Van De Berg farm upgrades with two new barns in 2016

Rural Hills farm to be featured on the Minnesota State Cattlemen's Summer Beef Tour July 13. It is one of eight farms to be featured on the tour, which is hosted by the Rock-Nobles Cattlemen.

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Brad Van De Berg and his son, Jason, are shown with their cattle feedlot set-up on their rural Hills farm. (Julie Buntjer / The Globe)

Editor's note: This is the first in a series of eight features on Minnesota cattle operations that will be part of the Minnesota Cattlemen’s Association 2021 Summer Beef Tour and Trade Show , scheduled for July 13. For more information on the tour, visit .

HILLS, Minn. — When Brad Van De Berg purchased an acreage set up for dairying just north of Hills in 2009, it was with plans to clear out the existing outbuildings and begin anew with facilities to feed cattle.

From 2009 to 2016, he had a capacity for 350 head in outside lots. Due to continuous issues with manure runoff that ended up on the neighbor’s land, Van De Berg decided to take action and put a roof over his cattle pens.

He built two new barns in the summer of 2016 — a 900-head capacity slat barn and a 95-head capacity shipping/receiving and bed pack barn with sick pens. He also added concrete to the existing cattle yards to create feed storage.

Today, all of the manure from the operation ends up in a concrete storage pit that gets pumped out twice a year — a little in the spring and emptied in the fall. There is also a 24- by 48-foot manure bay for the pen pack manure.


“(The farm) is set up so I can handle it,” Van De Berg said. “Financially we started from scratch. All I own here is the acreage, and I wanted to have enough livestock to make a living on the farm.”

Van De Berg, who grew up seven miles north of Beaver Creek, farms with his dad, though not in a financial partnership. They share crop equipment and help each other with the workload. In addition to raising cattle, Van De Berg grows corn, soybeans, rye and oats on 750 acres.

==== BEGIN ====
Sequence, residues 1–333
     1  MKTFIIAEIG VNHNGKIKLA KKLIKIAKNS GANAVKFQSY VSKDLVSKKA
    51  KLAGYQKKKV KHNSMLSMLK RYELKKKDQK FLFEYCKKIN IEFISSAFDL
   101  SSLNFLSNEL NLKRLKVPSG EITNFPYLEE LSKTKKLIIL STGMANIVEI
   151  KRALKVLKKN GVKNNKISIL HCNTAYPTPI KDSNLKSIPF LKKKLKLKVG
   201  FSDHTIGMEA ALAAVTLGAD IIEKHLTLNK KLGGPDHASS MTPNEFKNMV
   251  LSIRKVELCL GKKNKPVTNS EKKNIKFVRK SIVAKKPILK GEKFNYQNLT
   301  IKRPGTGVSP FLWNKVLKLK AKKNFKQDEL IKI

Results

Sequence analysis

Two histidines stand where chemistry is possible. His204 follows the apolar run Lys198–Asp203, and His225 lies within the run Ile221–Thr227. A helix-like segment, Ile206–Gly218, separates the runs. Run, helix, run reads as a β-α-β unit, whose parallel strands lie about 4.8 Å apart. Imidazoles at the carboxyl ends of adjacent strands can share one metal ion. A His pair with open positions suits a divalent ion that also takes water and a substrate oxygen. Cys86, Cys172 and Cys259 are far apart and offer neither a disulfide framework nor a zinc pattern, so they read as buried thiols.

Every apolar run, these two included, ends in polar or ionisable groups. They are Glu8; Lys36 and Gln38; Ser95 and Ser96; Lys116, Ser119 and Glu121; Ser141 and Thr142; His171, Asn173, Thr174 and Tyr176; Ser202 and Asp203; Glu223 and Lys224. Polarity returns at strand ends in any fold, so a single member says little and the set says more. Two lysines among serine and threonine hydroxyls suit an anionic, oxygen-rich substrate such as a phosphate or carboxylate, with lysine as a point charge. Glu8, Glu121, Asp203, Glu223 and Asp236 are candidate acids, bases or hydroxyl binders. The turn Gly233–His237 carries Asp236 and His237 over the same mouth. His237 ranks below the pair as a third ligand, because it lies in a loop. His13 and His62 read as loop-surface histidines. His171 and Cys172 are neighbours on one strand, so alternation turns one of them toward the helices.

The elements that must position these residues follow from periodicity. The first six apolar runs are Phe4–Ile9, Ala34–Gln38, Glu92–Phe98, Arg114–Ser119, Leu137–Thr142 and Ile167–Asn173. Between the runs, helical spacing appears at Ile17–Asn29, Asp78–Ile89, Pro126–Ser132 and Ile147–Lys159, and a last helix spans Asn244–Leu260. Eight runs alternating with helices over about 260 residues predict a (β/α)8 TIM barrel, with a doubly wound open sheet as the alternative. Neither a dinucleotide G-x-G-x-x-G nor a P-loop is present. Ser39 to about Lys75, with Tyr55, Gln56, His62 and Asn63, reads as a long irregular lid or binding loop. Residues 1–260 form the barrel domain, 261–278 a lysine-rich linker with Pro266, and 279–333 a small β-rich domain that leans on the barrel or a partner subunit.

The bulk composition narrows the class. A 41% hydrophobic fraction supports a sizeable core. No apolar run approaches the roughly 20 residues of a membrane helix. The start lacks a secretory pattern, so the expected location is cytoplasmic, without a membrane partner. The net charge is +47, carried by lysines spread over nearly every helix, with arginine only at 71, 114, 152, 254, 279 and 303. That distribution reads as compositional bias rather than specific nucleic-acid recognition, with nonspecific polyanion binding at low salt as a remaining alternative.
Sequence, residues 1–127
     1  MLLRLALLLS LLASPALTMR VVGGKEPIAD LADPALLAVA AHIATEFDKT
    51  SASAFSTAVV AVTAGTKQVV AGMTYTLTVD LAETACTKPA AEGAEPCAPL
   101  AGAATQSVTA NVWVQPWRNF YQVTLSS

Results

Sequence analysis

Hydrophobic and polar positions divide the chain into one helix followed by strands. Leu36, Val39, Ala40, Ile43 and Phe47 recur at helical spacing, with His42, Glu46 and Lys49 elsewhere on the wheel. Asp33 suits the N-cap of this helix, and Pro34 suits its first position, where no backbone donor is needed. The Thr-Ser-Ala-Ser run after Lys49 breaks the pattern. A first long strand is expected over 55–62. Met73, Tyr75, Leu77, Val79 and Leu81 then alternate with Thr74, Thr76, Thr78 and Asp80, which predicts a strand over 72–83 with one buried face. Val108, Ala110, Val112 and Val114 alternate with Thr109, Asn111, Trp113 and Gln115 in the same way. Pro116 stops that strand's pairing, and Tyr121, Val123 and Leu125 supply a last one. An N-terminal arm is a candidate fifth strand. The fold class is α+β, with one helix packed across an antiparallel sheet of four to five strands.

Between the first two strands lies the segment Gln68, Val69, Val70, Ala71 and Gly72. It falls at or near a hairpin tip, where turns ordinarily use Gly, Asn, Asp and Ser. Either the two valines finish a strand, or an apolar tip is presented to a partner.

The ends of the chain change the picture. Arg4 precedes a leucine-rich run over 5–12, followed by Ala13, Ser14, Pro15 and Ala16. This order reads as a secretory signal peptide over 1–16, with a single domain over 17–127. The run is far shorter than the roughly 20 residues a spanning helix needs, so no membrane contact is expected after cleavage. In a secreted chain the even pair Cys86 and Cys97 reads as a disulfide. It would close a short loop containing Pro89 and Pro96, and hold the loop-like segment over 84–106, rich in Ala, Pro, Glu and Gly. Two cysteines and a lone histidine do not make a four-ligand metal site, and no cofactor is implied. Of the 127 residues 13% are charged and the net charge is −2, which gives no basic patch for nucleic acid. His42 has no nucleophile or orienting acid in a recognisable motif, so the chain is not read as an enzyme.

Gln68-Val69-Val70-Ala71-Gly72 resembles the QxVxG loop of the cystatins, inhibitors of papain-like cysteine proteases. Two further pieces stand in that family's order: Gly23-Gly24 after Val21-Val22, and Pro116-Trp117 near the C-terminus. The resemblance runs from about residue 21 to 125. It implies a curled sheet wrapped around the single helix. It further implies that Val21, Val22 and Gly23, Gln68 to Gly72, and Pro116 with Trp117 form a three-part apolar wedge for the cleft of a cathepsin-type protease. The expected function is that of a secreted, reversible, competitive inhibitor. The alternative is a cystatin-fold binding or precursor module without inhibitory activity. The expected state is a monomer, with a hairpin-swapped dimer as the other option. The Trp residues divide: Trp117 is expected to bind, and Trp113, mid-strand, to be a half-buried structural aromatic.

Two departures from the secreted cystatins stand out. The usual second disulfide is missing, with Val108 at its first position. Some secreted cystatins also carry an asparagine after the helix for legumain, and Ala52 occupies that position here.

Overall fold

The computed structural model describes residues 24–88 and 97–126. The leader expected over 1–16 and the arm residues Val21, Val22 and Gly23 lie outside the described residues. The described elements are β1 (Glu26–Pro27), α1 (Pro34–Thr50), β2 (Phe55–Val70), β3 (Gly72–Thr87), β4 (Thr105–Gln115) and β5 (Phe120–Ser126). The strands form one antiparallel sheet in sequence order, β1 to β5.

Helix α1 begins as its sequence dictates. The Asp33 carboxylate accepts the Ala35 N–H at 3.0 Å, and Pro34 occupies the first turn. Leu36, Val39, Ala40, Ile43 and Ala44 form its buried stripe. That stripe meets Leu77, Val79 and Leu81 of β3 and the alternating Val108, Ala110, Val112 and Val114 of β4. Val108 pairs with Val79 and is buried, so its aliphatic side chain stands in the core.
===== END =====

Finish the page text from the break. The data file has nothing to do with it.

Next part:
“In a normal year, we grow all of our feed,” he said, adding that corn makes up about 80% of what he grows each year. He also does custom round baling.

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Cattle are kept comfortable under roof at the Brad Van De Berg farm. (Julie Buntjer / The Globe)

“One thing I do a little bit different than a lot of people is after my silage comes off, I raise winter rye,” Van De Berg shared. “That’s where spring manure gets pumped and then it gets planted again to corn, so I’m getting three crops in two years.

“Winter rye is good for the soil, but I’m using it for feed as well,” he added. “It gets baled as baleage or dry round baled as dry hay.”

Along with rye, his cattle feed consists of high moisture corn, dry corn, corn silage, modified distillers, a dry hay (either rye or grass hay or corn stalks) and a balancer. As for water, each cattle pen has its own water line, which allows Van De Berg to medicate animals in specific pens as needed.

The Van De Berg cattle operation focuses primarily on finishing cattle that arrive as yearlings between 850 to 950 pounds. He has them on feed for about 180 days before they go to market, then a new shipment comes in.


Cattle generally come from Oklahoma, Colorado, Minnesota and South Dakota.

Farming since 2007 — the same year he and wife, Melissa, were married — Van De Berg is proud to be doing what he loves in the neighborhood he’s in.

“We all work together as neighbors around here,” he said. “When we have to work cattle or pour concrete, we do it with the neighbors. I call a few neighbors and then they call me as well. The jobs where it takes two, three or four guys, that’s how we do it.

“Even the neighbors I don’t work with much, if I needed help for a day, I know who I can call,” he added. “The best part (of living here) is the neighbors. If someone has cattle out, everyone comes out to help.”

Several years down the road, he may be able to call upon his own children to help. The Van De Bergs have three — son Jason, 7, and daughters Melanie, 3, and Miranda, 8 months. Melissa works as an accountant for a Sioux Falls, S.D., business and also operates a photography business.

Van De Berg serves on the Rock-Nobles Cattlemen's board.

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Cattle are kept comfortable under roof at the Brad Van De Berg farm. (Julie Buntjer / The Globe)

Julie Buntjer became editor of The Globe in July 2021, after working as a beat reporter at the Worthington newspaper since December 2003. She has a bachelor's degree in agriculture journalism from South Dakota State University.
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